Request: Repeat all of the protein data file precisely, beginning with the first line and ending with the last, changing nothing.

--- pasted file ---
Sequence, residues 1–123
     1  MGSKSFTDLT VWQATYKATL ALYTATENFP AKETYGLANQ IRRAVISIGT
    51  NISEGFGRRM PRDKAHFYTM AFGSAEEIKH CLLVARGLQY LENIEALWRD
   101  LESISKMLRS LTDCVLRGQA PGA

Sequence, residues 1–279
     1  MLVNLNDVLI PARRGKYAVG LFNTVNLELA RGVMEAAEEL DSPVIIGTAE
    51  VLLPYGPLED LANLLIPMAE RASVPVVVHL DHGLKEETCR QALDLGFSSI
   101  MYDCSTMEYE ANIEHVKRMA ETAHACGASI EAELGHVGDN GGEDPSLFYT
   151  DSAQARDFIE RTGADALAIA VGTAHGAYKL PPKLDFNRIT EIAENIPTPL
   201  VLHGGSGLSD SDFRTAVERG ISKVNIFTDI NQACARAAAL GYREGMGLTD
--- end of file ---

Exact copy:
Sequence, residues 1–123
     1  MGSKSFTDLT VWQATYKATL ALYTATENFP AKETYGLANQ IRRAVISIGT
    51  NISEGFGRRM PRDKAHFYTM AFGSAEEIKH CLLVARGLQY LENIEALWRD
   101  LESISKMLRS LTDCVLRGQA PGA

Sequence, residues 1–279
     1  MLVNLNDVLI PARRGKYAVG LFNTVNLELA RGVMEAAEEL DSPVIIGTAE
    51  VLLPYGPLED LANLLIPMAE RASVPVVVHL DHGLKEETCR QALDLGFSSI
   101  MYDCSTMEYE ANIEHVKRMA ETAHACGASI EAELGHVGDN GGEDPSLFYT
   151  DSAQARDFIE RTGADALAIA VGTAHGAYKL PPKLDFNRIT EIAENIPTPL
   201  VLHGGSGLSD SDFRTAVERG ISKVNIFTDI NQACARAAAL GYREGMGLTD